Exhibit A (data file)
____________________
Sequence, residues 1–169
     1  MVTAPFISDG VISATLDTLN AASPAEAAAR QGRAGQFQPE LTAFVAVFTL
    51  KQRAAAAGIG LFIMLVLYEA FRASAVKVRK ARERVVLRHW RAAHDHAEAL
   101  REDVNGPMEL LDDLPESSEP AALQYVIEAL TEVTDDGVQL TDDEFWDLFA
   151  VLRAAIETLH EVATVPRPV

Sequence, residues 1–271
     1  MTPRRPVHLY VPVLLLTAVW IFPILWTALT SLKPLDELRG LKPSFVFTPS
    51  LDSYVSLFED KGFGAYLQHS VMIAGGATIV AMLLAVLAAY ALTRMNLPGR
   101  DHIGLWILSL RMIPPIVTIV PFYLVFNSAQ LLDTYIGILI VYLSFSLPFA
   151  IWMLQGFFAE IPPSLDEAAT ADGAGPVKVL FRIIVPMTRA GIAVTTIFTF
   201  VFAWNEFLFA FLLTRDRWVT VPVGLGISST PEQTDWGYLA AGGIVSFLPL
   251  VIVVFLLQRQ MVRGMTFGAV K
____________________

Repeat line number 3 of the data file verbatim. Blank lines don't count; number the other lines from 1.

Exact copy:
    51  KQRAAAAGIG LFIMLVLYEA FRASAVKVRK ARERVVLRHW RAAHDHAEAL